“I have a roof over my head, but this is not a way of life for children,” said Block, who also has not been able to get housing assistance.
Other housing advocates claim that arguing about who qualifies and who does not qualify for homeless funds is a distraction from a larger problem: lack of funds.
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“The real problem is that there are all kinds of people who have serious housing problems. And the federal government lacks massive funds to help them. And that also applies to the CARES law, ”explained Berg of the National Alliance to End the Homeless, adding that $ 15 billion would be needed to provide housing assistance to match the surge in homelessness that occurs as a result. of the coronavirus.
“HUD has a budget of $ 50 billion a year, homeless programs have less than $ 3 billion,” he said. “I think asking who gets those 3 billion is not the question; the right question is if 50 billion is only a quarter of what it takes to meet the need, why aren’t we spending that much more?”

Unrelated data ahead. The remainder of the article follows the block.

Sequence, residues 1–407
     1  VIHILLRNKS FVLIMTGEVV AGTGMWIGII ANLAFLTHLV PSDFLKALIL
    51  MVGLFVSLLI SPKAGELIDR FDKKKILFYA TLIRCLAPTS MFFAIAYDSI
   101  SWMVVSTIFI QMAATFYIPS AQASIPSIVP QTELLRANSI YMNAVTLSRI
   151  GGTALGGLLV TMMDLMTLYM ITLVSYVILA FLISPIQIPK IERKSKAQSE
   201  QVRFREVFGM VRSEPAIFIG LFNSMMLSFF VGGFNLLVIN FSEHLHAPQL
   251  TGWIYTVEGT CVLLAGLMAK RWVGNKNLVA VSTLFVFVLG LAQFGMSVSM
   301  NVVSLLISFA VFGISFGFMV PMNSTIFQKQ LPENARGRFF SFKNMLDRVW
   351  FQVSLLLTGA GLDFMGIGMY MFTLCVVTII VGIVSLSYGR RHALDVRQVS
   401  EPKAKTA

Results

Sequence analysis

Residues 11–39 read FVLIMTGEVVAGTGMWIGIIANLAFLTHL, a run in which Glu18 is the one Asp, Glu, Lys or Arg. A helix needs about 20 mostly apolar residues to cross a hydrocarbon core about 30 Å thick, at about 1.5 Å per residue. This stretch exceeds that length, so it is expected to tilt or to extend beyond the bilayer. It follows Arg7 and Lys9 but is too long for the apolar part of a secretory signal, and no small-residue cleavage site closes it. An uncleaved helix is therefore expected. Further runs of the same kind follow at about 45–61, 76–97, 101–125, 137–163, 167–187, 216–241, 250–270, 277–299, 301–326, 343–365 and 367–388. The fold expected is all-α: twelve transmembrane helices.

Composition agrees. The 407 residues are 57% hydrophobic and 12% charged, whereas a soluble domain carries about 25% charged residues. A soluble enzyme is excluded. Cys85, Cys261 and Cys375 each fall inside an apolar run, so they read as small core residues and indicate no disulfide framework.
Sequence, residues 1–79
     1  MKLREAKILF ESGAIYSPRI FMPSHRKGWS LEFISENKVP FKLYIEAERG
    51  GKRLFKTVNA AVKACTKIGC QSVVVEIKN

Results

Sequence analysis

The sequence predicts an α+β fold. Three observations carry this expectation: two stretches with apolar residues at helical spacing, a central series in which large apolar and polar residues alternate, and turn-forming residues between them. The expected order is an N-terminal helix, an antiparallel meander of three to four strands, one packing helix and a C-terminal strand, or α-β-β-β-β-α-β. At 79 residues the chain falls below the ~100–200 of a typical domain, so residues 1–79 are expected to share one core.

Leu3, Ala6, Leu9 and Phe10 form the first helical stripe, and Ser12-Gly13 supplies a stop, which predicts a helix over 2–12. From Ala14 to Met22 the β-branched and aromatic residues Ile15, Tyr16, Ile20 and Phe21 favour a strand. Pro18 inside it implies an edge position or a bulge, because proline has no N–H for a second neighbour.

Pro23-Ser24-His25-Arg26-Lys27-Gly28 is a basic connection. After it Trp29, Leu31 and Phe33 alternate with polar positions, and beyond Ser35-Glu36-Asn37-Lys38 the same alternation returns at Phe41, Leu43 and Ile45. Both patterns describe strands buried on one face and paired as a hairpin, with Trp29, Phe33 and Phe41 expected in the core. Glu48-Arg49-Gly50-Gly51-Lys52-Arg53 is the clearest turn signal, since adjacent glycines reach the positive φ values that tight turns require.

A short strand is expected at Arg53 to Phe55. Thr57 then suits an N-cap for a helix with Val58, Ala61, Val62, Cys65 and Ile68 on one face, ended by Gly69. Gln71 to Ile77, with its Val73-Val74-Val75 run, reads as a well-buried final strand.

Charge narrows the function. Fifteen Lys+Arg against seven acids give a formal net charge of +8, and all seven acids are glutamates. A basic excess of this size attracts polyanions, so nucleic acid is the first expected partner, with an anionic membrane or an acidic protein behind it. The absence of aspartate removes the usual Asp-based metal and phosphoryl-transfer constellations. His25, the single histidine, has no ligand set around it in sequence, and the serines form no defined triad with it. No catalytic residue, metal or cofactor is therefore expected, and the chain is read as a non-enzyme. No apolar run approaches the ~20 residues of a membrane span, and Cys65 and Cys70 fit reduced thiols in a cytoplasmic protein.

Berg adds that when people, including those who are relocated, can’t get help, it’s not because of the eligibility requirements of homeless programs – it’s because there isn’t enough housing. And the problem will only get worse.
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“The number of people who will lose a home at the end of the year if the eviction moratorium expires is in the millions, making the current level of homelessness seem like child’s play,” Berg said.
The CDC’s temporary order to stop the evictions will expire on December 31.
“I think that not treating housing as a basic need is the heart of the problem”, he opined. “It’s about housing, decent stable housing. And its lack causes many other problems that we have to solve, “he said.